Chemotherapy medications can be delivered directly to the blood supply of a tumour allowing a possible increase in the effectiveness of the drugs.
What is intra-arterial chemotherapy?
Traditional chemotherapy is administered through a catheter into a peripheral vein. This means the chemotherapy drug has to pass via the heart and lungs before being delivered to the cancer, and therefore the drug is diluted by the time it reaches the target. If we deliver the chemotherapy directly into an artery as close to the tumour as possible we can maximise the amount of chemotherapy delivered to the cancer cells and therefore possibly increase the effectiveness of our treatment.
How is intra-arterial chemotherapy delivered?
The arteries commonly used for intra-arterial chemotherapy are the femoral arteries in the hind legs and the carotid arteries in the neck. The artery is exposed via a small incision and a catheter placed. Under fluoroscopy (live video x-rays) tiny wires and catheters are advanced through the arterial system to reach the vessel supplying blood directly to the tumour. The chemotherapy drug can then be delivered very close to the tumour itself.
This is an image of a dog with bladder cancer and highlights us mapping the blood supply to the bladder, prostate and local lymph nodes in order to deliver the chemotherapy directly the tumour rather than through the intravenous route. Early work has shown this allows significantly higher doses of the chemotherapy to reach the cancer.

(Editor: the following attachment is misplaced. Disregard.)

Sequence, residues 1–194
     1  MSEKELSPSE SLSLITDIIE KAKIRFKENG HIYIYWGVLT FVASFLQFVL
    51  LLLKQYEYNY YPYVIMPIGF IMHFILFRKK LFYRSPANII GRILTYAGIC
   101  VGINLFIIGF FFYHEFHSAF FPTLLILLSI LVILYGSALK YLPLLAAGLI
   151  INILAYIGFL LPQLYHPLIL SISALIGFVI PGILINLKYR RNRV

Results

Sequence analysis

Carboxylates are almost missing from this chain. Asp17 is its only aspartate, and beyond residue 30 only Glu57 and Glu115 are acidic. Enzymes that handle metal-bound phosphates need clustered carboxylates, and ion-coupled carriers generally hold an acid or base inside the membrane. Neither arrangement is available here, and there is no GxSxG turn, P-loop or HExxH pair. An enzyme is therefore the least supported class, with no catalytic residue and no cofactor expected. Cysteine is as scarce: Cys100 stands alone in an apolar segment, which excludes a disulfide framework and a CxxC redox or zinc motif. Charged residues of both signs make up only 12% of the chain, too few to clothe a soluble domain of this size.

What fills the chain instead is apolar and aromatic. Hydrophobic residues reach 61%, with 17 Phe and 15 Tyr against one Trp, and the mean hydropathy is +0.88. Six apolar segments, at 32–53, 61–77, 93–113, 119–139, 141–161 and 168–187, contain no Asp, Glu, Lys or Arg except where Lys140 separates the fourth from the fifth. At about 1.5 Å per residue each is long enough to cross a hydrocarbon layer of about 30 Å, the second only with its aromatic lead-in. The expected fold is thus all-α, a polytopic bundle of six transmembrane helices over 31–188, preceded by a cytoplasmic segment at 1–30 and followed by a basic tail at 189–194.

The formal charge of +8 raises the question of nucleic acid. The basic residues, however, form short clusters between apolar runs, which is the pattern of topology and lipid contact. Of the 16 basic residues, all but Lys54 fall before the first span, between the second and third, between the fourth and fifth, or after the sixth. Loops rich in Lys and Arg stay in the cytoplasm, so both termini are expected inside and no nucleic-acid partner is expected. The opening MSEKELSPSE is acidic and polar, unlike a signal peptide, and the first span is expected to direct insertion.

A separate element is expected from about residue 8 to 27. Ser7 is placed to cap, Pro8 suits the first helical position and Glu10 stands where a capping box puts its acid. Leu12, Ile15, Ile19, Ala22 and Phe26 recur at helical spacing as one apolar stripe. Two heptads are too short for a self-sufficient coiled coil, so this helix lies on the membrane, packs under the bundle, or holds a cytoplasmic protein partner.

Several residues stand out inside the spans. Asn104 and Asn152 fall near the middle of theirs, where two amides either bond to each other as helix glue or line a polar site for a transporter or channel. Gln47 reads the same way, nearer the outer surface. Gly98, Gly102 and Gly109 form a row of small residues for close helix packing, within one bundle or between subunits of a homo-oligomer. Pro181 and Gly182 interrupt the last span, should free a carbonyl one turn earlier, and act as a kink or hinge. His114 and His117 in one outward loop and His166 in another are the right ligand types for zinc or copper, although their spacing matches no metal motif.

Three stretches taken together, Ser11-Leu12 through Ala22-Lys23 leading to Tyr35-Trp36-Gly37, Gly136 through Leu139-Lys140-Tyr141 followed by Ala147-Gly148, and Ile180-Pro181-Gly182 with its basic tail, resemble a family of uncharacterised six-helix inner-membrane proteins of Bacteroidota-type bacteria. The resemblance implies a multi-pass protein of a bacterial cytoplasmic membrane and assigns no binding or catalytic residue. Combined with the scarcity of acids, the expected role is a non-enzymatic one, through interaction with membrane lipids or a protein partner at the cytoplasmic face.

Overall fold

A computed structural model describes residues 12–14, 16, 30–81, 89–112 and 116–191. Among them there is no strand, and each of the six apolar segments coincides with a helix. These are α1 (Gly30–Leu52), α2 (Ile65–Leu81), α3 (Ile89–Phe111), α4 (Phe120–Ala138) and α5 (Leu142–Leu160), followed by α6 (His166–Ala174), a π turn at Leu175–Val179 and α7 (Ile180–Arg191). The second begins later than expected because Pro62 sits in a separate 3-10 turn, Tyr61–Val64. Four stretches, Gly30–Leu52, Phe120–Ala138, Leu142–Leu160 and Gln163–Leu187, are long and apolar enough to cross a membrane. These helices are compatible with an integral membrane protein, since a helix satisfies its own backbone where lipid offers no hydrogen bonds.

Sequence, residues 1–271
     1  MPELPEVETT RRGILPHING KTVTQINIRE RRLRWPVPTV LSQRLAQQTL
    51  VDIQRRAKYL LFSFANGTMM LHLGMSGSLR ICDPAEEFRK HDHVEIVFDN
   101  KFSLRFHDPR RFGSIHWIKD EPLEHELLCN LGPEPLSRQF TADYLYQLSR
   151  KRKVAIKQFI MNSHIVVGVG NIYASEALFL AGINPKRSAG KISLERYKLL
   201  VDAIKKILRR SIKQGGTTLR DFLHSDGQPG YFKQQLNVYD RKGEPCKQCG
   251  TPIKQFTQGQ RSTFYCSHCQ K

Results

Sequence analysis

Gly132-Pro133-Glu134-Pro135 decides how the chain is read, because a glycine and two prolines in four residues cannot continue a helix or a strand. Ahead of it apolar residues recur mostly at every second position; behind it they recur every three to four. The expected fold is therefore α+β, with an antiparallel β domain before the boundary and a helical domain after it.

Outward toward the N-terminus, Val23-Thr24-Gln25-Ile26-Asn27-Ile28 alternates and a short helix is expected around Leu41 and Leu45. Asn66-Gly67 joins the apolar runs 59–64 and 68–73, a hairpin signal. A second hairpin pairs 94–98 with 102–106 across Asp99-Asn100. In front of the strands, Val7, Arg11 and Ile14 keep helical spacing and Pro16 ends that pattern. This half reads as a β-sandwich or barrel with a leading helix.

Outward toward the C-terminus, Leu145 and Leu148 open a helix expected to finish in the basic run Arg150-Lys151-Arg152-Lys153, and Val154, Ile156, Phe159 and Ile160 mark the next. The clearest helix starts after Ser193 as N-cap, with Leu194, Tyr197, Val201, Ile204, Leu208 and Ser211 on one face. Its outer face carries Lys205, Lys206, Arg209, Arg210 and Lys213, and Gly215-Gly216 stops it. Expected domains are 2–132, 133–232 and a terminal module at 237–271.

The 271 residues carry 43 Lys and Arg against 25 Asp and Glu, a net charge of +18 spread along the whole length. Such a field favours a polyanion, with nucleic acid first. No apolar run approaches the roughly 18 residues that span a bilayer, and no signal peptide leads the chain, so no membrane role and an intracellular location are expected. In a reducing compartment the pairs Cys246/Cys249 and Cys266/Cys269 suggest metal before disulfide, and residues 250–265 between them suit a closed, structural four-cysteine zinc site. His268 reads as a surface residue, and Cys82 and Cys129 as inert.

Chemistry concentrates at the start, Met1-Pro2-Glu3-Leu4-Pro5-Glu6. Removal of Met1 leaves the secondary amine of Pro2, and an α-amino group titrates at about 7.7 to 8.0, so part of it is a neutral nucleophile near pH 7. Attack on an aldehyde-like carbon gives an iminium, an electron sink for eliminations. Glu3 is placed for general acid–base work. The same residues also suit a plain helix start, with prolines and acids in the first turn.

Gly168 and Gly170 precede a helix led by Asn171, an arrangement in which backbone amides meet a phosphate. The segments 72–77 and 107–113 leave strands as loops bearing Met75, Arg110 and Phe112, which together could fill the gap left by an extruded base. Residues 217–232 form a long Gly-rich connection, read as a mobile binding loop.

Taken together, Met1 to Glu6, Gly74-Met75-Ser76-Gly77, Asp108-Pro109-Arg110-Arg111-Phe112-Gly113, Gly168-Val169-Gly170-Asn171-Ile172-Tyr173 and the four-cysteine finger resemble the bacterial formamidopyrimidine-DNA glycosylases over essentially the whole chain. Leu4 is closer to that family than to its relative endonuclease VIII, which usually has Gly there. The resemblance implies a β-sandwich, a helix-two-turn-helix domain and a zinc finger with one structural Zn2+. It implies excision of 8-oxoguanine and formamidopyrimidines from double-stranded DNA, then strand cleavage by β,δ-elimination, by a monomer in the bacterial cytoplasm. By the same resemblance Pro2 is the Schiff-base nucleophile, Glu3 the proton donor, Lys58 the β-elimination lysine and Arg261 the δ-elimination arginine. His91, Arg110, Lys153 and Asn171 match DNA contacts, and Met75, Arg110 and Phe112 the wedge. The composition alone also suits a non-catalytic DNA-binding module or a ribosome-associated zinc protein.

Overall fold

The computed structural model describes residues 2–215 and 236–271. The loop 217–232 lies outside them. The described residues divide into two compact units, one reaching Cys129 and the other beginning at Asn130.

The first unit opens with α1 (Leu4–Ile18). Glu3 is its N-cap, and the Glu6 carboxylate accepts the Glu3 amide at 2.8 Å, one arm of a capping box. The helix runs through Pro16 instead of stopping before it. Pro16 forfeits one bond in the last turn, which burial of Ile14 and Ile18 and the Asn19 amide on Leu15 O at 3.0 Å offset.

What is the benefit of intra-arterial chemotherapy?
Intra-arterial chemotherapy allows selective delivery of high doses of chemotherapy directly to the tumour. Intra-arterial (IA) administration allows significantly greater concentrations of chemotherapy to reach the tumour without the side effects that would be encountered had an equivalent intravenous dose been used to achieve the same local chemotherapy concentrations. Experimental studies in dogs have documented the improved effectiveness of these techniques in achieving higher local concentrations and improved tumour remission rates for certain types of tumours.
What tumours can be treated with intra-arterial chemotherapy?
While most investigatory work has been performed in liver tumours, urinary tumours (bladder, prostate and urethra) and osteosarcomas (bone tumours) there are a wide range of cancers which are likely to benefit from intra-arterial administration of chemotherapy.